Navigation Links
Fossils suggest earlier land-water transition of tetrapod

DURHAM, N.C. -- New evidence gleaned from CT scans of fossils locked inside rocks may flip the order in which two kinds of four-limbed animals with backbones were known to have moved from fish to landlubber.

Both extinct species, known as Ichthyostega and Acanthostega, lived an estimated 360-370 million years ago in what is now Greenland. Acanthostega was thought to have been the most primitive tetrapod, that is, the first vertebrate animal to possess limbs with digits rather than fish fins.

But the latest evidence from a Duke graduate student's research indicates that Ichthyostega may have been closer to the first tetrapod. In fact, Acanthostega may have had a terrestrial ancestor and then returned full time to the water, said Viviane Callier, who is the first author of a report on the findings to be published in today's issue of the journal Science.

"If there is one take-home message, it is that the evolutionary relationship between these early tetrapods is not well resolved," Callier said.

Co-author Jennifer Clack of the University Museum of Zoology in Cambridge, England -- where she supervised Callier's work for a master's degree -- found the fossils embedded in rocks collected from East Greenland.

Rather than trying to remove them -- an action that would have destroyed much of the evidence -- the researchers studied the fossils inside the stone with computed tomography (CT) scanning. Callier "reconstructed" the animals using imaging software (Amira and Mimics) to analyze the CT scans, focusing on the shapes of the two species' upper arm bones, or humeri.

The CT slices revealed that Clack had found the first juvenile forms of Ichthyostega. Previously known fossils of Ichthyostega had come from adults.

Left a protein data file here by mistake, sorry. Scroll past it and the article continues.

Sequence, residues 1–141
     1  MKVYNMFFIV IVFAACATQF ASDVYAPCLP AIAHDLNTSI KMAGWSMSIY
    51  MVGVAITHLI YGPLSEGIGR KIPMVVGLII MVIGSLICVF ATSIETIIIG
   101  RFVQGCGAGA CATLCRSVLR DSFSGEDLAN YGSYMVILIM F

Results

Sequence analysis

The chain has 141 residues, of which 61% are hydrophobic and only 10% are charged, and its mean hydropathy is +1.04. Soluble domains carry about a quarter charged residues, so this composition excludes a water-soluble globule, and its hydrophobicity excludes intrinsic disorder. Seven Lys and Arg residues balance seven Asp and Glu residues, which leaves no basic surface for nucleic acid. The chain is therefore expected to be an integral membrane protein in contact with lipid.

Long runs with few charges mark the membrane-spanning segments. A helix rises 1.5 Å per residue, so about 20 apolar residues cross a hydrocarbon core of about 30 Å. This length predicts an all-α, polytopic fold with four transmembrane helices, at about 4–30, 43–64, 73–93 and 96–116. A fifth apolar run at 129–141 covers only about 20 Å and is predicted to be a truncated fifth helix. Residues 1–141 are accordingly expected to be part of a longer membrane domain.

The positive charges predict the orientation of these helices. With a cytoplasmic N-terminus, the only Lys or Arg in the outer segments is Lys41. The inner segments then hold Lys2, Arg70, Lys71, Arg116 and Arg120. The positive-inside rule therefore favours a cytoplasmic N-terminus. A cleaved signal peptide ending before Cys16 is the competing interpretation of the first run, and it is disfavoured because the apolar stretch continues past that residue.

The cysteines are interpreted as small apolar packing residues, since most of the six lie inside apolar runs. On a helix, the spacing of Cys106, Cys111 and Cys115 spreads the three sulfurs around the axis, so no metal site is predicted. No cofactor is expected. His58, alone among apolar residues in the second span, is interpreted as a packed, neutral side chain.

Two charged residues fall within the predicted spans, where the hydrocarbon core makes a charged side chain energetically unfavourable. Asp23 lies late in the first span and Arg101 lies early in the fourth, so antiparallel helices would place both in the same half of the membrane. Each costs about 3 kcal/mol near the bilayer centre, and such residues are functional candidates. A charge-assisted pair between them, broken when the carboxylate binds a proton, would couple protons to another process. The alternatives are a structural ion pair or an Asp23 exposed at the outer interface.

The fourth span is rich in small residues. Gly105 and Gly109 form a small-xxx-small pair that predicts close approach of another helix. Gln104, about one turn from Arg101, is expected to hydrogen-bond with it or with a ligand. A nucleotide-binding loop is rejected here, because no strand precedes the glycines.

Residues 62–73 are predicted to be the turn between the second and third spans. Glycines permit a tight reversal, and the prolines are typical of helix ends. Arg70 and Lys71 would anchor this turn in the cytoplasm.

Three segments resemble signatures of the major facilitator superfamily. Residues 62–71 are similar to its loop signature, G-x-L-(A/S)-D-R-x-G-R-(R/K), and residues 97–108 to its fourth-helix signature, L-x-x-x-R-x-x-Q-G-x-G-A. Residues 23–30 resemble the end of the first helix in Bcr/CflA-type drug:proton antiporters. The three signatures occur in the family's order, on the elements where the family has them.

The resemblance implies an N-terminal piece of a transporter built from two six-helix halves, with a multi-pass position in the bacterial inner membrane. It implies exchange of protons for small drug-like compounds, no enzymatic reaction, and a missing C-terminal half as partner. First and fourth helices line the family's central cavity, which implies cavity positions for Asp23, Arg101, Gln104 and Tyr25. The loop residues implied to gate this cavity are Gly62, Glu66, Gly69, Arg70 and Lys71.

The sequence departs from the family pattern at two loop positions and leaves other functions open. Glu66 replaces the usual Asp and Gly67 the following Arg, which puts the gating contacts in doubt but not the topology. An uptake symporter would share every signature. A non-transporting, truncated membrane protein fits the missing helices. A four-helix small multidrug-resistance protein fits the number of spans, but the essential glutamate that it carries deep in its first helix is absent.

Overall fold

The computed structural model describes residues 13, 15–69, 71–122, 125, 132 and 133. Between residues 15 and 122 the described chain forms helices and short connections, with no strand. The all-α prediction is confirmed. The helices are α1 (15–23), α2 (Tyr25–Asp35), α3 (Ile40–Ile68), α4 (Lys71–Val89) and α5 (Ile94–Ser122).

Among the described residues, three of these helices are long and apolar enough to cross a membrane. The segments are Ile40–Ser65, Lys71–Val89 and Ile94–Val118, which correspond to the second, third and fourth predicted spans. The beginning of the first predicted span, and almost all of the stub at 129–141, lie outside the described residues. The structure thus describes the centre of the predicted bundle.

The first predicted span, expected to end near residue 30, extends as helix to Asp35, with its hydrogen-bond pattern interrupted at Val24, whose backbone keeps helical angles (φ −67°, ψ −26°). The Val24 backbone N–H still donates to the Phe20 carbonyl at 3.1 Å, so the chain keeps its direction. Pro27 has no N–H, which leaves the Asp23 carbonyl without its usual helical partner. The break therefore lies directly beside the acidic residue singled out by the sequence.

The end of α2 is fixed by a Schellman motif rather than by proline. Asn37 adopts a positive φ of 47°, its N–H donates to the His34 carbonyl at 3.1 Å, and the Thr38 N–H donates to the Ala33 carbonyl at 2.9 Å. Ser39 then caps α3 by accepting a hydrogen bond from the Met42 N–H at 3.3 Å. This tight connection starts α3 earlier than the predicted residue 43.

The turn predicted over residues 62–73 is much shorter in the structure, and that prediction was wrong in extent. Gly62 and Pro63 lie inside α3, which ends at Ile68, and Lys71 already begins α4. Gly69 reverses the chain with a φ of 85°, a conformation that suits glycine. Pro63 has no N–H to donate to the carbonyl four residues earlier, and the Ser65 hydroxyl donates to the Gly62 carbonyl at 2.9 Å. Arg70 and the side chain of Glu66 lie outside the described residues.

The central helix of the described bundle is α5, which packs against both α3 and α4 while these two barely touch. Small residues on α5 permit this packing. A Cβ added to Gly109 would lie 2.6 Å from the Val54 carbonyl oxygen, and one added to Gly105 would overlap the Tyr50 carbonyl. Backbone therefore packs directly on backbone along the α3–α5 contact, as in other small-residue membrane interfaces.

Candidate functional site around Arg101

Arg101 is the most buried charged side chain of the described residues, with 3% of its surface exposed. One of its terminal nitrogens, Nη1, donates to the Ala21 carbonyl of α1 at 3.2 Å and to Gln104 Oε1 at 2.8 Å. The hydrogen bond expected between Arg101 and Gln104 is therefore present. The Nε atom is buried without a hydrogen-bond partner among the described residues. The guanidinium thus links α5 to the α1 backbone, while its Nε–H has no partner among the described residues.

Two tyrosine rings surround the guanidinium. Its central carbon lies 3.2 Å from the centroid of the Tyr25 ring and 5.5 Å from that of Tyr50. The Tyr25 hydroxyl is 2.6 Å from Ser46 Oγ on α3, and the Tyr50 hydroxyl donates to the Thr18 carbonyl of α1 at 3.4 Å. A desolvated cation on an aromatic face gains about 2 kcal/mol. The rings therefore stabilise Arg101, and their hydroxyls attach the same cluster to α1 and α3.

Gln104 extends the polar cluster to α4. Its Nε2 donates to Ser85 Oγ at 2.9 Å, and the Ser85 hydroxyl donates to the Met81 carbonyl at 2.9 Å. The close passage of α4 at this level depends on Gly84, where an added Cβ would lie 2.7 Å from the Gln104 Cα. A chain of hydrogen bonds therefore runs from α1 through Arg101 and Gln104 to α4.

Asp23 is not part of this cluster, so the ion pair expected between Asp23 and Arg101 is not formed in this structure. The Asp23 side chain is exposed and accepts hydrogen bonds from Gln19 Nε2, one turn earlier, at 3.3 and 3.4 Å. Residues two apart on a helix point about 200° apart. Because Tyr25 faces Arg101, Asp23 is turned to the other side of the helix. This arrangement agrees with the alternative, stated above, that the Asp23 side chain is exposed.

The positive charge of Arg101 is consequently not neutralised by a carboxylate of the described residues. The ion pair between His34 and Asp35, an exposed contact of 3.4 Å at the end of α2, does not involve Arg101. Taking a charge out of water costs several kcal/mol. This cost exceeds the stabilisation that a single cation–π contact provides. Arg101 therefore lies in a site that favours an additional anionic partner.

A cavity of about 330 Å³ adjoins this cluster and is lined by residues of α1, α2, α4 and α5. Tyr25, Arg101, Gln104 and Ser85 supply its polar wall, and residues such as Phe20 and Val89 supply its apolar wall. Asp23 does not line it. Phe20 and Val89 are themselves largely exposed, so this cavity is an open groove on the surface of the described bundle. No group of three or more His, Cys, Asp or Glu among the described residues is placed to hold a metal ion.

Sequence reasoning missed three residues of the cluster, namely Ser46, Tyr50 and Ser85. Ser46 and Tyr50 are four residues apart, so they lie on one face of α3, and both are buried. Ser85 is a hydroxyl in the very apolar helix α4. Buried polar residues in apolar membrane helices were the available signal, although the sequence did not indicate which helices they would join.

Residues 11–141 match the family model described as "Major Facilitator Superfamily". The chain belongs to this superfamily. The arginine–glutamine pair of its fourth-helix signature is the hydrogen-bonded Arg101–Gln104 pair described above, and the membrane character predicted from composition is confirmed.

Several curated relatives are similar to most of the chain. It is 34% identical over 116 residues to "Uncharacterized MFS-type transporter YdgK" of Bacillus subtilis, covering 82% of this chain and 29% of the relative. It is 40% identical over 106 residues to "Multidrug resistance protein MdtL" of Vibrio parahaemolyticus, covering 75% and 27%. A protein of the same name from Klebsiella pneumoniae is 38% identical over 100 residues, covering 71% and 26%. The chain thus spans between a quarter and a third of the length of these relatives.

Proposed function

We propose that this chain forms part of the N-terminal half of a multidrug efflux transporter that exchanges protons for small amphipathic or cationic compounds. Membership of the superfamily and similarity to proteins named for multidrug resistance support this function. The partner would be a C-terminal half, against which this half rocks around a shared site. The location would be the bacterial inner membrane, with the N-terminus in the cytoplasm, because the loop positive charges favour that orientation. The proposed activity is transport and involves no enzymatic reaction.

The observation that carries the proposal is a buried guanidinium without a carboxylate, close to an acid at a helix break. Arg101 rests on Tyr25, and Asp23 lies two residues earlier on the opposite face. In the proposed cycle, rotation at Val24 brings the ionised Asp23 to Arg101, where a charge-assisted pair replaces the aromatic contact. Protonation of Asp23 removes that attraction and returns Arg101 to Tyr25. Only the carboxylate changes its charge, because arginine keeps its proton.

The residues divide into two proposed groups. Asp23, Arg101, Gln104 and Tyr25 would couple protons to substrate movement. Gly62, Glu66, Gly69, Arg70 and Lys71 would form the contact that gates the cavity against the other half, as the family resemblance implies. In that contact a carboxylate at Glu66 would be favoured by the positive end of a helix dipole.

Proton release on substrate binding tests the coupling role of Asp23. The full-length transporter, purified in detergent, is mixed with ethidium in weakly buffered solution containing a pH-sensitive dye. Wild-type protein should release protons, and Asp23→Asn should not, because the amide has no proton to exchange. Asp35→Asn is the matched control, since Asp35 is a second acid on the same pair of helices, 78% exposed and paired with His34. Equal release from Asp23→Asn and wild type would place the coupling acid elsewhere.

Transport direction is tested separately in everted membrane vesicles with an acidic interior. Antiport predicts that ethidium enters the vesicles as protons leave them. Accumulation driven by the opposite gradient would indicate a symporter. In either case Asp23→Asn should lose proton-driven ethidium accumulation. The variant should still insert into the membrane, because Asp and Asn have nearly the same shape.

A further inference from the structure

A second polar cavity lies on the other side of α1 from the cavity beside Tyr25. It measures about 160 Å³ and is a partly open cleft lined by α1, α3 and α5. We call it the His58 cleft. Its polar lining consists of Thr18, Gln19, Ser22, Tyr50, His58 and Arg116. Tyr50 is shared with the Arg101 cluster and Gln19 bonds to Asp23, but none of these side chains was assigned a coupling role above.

Anatomies can morph as animals move towards adulthood, Callier said. And such shifts can help scientists deduce when in development the animal acquired the terrestrial habit. The fossils suggest that Ichthyostega juveniles were aquatically adapted, and that the terrestrial habit was acquired relatively late in development. The fossils bore evidence that the muscle arrangement in adults was better suited to weight-bearing, terrestrial locomotion than the juvenile morphology. It is possible that Ichthyostega came out of the water only as a fully mature adult.

In contrast, in Acanthostega "there is less change from the juvenile to the adult. Although Acanthostega appears to be aquatically adapted throughout the recorded developmental span, its humerus exhibits subtle traits that make it more similar to the later, fully terrestrial tetrapods," Callier said

Because the shapes of its adult limbs seemed the most fin-like, scientists had previously concluded that Acanthostega was "more primitive," Callier said. "But now, if we look at the details of the humeri, Ichthyostega's are actually more similar to earlier fishes."

Ironically, the shape of Acanthostegas limb's, in both adult and the newly-discovered juvenile forms, is more "paddle-like" than Ichthyostega's, Callier said. "They would have been really good swimmers. So, although Acanthostega had limbs with digits, we don't think it was really terrestrial. We think even the adults were aquatic."

"If Ichthyostega is actually more primitive than Acanthostega, then maybe animals evolved towards a terrestrial existence a lot earlier than originally believed," she said. "Maybe Acanthostega was actually derived from a terrestrial ancestor, and then, went back to an aquatic lifestyle."

Per Ahlberg, a Swedish paleontologist who was previously Clack's graduate student, also joined Clack in a comparative analysis of other more fish-like species living at about the same time as Ichthyostega and Acanthostega.